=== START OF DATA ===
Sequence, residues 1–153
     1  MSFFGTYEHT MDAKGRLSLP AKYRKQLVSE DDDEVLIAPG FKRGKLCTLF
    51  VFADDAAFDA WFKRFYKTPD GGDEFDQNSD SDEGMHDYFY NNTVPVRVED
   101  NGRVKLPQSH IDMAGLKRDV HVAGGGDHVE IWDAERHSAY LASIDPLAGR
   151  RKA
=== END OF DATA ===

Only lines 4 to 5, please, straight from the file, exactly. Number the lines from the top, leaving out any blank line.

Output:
   101  NGRVKLPQSH IDMAGLKRDV HVAGGGDHVE IWDAERHSAY LASIDPLAGR
   151  RKA